As long-term readers of this blog may attest, this was the year that I seemed to disappear. In terms of blog posting, this has been the least productive I’ve ever been. While the circus that is the Republican debates rolls on, as various Republican governors around the country demonstrated that their adherence to the conservative ideology they’d touted while running was real, and as various other things took place, I was sitting on the sidelines when it came to offering up my opinion. To an extent, my lack of posts was due to a case of “been there, done that, got the t-shirts.” Not that that has stopped me in the past, but this year that wasn’t the only reason. This has been a very busy personal and professional year, with some good and some bad. While I had the urge to write something every now and then, it just wasn’t one of my priorities.
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The WordPress.com stats helper monkeys prepared a 2015 annual report for this blog.
Here’s an excerpt:
A New York City subway train holds 1,200 people. This blog was viewed about 7,100 times in 2015. If it were a NYC subway train, it would take about 6 trips to carry that many people.
Over the past few months, federal and state courts have been finding that state bans on marriage equality or recognizing LGBT marriages are unconstitutional. Utah was the first, and it’s since been followed by Texas, Oklahoma, Virginia, Kentucky, and New Mexico. While most of these are being appealed, Virginia’s is not, and in Kentucky, the Attorney General has refused to appeal, so an outside counsel will be used. In reaction, several states are attempting “religious freedom” bills to allow people to refuse LGBT’s on the basis of “religious objections.” Arizona, Kansas, and Indiana have all attempted it, with … poor results. Arizona’s governor vetoed the bill after massive backlash, while Kansas and Indiana allowed their bills to die in the legislatures. It’s not unexpected that there is going to be this sort of reaction, particularly in the “Red States,” where Republicans hold control and are acting on their base’s demands.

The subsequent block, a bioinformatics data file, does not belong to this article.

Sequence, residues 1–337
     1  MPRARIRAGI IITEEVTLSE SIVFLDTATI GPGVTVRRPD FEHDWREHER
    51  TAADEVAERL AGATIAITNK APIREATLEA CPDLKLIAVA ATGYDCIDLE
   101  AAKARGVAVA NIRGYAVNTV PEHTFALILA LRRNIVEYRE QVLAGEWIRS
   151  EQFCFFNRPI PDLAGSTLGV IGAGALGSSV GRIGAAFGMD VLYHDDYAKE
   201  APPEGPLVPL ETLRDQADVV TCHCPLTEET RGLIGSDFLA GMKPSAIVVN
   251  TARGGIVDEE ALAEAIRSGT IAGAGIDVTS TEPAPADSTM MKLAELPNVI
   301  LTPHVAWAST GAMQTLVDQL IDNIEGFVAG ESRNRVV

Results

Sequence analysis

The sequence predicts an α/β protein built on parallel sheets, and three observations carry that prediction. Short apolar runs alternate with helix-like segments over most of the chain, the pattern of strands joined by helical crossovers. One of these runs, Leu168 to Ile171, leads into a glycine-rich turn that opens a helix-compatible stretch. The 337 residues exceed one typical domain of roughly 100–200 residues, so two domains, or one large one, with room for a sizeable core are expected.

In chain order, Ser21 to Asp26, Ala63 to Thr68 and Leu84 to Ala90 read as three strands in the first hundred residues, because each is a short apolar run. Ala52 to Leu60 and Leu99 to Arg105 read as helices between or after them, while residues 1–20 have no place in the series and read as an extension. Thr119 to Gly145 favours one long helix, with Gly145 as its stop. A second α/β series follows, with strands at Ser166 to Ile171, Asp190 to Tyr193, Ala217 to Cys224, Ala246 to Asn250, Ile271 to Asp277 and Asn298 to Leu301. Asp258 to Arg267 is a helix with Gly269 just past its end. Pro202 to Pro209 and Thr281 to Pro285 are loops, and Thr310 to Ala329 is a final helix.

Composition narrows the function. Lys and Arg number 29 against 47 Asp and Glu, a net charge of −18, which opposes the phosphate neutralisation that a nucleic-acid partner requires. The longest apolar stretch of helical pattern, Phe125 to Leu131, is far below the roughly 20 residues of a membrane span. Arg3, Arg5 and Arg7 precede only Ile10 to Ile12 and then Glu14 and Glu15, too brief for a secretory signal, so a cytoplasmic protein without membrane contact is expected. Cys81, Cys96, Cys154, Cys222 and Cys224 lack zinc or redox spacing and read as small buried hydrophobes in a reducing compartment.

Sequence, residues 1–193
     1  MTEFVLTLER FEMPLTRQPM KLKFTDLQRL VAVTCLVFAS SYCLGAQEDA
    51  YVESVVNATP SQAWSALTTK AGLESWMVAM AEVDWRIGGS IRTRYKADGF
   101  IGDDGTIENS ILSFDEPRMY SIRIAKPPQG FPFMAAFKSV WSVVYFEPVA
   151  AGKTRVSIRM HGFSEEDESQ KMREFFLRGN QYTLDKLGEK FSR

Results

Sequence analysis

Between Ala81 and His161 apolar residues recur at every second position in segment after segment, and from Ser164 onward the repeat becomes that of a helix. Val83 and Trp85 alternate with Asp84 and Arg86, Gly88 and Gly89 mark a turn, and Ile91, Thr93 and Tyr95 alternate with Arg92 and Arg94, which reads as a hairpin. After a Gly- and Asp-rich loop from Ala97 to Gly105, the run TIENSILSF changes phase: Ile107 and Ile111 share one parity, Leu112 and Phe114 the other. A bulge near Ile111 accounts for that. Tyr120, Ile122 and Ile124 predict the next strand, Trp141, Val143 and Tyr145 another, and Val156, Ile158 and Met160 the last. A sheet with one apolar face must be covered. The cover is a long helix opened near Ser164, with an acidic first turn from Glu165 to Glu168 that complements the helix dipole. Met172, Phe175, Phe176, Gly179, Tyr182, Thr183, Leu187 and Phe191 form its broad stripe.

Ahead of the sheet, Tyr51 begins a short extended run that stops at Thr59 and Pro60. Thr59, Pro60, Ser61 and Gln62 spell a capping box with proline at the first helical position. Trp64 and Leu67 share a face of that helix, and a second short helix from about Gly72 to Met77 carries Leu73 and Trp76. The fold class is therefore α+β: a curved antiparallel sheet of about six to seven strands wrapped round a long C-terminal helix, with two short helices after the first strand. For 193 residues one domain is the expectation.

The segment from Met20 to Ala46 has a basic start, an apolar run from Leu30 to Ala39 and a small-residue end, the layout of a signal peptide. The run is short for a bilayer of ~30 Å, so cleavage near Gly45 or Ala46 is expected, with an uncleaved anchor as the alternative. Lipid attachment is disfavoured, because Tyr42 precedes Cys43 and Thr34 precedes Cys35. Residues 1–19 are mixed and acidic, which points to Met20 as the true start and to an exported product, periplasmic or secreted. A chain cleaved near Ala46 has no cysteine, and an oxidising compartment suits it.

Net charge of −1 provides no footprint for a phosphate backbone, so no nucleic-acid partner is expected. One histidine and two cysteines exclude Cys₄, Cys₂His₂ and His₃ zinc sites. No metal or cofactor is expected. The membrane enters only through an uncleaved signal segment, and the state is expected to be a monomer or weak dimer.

Yesterday, the President gave a very powerful speech about the Trayvon Martin case. One of the points he made was something that I’d thought about over a year ago:
And for those who resist that idea that we should think about something like these “stand your ground” laws, I’d just ask people to consider, if Trayvon Martin was of age and armed, could he have stood his ground on that sidewalk? And do we actually think that he would have been justified in shooting Mr. Zimmerman who had followed him in a car because he felt threatened?
It’s the thing that none of Zimmerman’s supporters ever seem to want to discuss, along with the role of racism.
A lot of the blogs and news sites have been covering the Trayvon Martin case in Florida. The basic facts are that a young black man was returning from the store, when a “neighborhood watch volunteer” named George Zimmerman thought he looked suspicious. He called 911, and was told to wait for the police. Instead, he decided to accost young Trayvon. He had a “carry permit” from the state of Florida, and was armed. In the resulting scuffle, he shot Trayvon Martin, killing him. He has not been charged, since Florida has a “Stand Your Ground” law, which gave people who thought they were being threatened the right to use force. Which is what Mr Zimmerman claims, that he was “acting in self defense.” Here’s something I haven’t seen discussed: What if Trayvon had also been licensed to carry and had been armed?
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